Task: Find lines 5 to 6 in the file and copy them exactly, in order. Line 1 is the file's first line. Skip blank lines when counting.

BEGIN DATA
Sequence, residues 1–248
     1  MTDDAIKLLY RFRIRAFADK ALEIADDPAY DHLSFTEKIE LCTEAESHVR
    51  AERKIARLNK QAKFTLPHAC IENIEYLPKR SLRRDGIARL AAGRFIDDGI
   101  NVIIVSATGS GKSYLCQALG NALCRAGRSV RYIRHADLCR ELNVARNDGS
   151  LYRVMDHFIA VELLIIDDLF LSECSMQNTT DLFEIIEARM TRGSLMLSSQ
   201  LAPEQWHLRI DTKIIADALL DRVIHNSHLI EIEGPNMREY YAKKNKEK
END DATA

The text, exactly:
   151  LYRVMDHFIA VELLIIDDLF LSECSMQNTT DLFEIIEARM TRGSLMLSSQ
   201  LAPEQWHLRI DTKIIADALL DRVIHNSHLI EIEGPNMREY YAKKNKEK